Positive punishment is something that can be mistaken for negative reinforcement, and is the presentation of an unpleasant stimulus after the response to decrease that response. For example, most of us learned at a young age to NOT swat at a bee, as the likelihood that it will sting you increases. So when one gets stung, they are less likely to swat at the bee again. That, my friends, is positive punishment. Animals also have the ability to benefit from positive punishment. If your cat is scratching your new couch, and you spray him with water, the scratching will decrease. The water is an unpleasant stimulus, therefore decreasing the undesired response.
PART 2I believe one of the reasons I found Learning: Theory and Research so intriguing is because it took many of the topic I enjoyed from previous psychology classes and went more in depth. For example, I had no idea classical conditioning could be so complicated! Sure, I knew about reinforcement, both positive and negative, stimulus extinction, and typed of punishment, but the depth in which we looked into those aspects of psychology opened the area much wider for me.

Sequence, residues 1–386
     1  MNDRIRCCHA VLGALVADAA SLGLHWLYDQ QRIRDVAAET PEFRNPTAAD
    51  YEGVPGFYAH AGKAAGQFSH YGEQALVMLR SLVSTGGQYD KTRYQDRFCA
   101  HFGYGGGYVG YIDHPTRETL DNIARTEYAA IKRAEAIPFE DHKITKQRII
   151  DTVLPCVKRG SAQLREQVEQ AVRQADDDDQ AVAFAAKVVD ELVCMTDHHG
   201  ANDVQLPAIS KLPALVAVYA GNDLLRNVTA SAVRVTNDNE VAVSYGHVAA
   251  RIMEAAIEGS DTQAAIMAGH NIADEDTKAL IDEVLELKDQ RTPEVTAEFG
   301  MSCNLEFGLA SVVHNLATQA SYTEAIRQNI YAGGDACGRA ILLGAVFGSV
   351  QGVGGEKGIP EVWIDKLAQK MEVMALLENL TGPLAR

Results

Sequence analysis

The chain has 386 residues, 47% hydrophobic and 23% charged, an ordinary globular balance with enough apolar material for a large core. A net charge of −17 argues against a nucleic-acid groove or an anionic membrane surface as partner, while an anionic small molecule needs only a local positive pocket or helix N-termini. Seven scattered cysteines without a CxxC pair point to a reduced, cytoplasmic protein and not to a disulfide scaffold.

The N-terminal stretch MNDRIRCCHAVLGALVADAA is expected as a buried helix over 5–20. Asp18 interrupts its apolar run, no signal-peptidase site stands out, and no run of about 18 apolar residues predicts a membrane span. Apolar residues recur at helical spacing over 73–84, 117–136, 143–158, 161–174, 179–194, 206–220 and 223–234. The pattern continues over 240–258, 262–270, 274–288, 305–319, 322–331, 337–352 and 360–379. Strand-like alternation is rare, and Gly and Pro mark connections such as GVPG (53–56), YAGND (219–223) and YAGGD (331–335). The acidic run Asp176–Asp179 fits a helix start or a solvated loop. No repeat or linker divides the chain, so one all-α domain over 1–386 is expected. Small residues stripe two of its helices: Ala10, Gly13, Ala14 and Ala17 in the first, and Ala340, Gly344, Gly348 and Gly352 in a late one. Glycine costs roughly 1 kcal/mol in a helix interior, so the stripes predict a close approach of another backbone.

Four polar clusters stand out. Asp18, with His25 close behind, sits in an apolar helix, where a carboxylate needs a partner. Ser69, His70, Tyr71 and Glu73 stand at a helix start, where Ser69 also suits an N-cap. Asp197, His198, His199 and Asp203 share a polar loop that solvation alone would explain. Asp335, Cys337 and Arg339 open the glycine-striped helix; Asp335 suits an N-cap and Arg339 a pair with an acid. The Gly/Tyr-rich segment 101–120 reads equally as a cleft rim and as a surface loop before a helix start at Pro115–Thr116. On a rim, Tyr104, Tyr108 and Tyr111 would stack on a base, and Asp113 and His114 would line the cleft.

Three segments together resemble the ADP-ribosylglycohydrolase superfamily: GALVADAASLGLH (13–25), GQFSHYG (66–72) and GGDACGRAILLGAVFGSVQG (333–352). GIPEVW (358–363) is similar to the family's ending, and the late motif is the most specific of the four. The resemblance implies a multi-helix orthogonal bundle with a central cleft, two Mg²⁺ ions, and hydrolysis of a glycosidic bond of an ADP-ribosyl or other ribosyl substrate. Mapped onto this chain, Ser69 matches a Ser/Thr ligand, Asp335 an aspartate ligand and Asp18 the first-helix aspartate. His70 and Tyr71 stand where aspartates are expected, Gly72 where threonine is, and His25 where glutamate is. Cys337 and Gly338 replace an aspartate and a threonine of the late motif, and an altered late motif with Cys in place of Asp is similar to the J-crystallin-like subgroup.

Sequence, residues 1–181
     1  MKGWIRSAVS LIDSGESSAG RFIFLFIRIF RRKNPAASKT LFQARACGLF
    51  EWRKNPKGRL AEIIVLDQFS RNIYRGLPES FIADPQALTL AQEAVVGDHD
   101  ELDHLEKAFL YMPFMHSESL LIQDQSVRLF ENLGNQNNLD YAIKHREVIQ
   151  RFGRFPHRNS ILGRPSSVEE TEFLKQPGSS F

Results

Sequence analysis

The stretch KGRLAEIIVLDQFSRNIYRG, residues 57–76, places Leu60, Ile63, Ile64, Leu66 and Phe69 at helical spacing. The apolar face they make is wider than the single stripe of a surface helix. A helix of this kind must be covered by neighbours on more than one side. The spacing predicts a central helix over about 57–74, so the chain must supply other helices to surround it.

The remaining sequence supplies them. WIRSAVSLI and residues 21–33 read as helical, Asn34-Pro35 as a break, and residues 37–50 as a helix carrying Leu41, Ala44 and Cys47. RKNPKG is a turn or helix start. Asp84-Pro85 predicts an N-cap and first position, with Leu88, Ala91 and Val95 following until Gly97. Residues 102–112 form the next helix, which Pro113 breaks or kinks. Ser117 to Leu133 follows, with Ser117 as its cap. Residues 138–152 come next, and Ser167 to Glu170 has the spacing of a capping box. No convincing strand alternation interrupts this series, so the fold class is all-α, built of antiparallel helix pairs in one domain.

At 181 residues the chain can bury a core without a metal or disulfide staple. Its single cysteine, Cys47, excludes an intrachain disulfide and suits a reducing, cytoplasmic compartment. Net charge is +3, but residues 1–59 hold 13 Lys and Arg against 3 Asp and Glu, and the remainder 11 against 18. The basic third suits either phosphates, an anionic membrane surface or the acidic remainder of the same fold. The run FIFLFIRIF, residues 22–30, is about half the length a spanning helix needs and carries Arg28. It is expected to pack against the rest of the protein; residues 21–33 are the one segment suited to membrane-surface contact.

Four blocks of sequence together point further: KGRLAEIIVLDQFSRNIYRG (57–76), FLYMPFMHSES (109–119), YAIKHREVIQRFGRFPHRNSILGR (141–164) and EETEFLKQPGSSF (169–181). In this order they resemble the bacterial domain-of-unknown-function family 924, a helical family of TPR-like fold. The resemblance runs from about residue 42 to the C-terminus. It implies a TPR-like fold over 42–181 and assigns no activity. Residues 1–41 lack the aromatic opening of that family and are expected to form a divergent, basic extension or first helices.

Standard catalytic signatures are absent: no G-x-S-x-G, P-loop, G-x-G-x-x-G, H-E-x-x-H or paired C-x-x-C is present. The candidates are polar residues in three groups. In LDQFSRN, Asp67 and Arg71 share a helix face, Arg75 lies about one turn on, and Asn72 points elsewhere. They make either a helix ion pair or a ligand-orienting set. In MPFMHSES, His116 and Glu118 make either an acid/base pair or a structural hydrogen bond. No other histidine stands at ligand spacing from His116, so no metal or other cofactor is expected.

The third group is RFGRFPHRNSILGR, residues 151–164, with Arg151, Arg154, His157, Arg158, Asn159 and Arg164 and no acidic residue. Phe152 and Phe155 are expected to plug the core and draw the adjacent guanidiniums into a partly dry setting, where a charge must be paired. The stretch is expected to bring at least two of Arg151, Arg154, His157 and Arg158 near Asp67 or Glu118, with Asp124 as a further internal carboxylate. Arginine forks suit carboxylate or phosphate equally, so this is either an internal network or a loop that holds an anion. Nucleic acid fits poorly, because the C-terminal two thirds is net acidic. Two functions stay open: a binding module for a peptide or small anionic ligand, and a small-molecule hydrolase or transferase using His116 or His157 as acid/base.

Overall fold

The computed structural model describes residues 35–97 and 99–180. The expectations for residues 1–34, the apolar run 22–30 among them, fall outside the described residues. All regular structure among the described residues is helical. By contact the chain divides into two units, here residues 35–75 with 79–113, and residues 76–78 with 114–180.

I found that the topic of reinforcement to be very useful to me, as I will likely be able to use it in the future. I hope to become an occupational therapist, and knowing in depth various ways to help children with special needs accomplish their goals will be very useful. For example, the Premack principle would be extremely useful, as well as other schedules of reinforcement.
All in all, this class has been very beneficial to me and I will be able to use what I learned in the future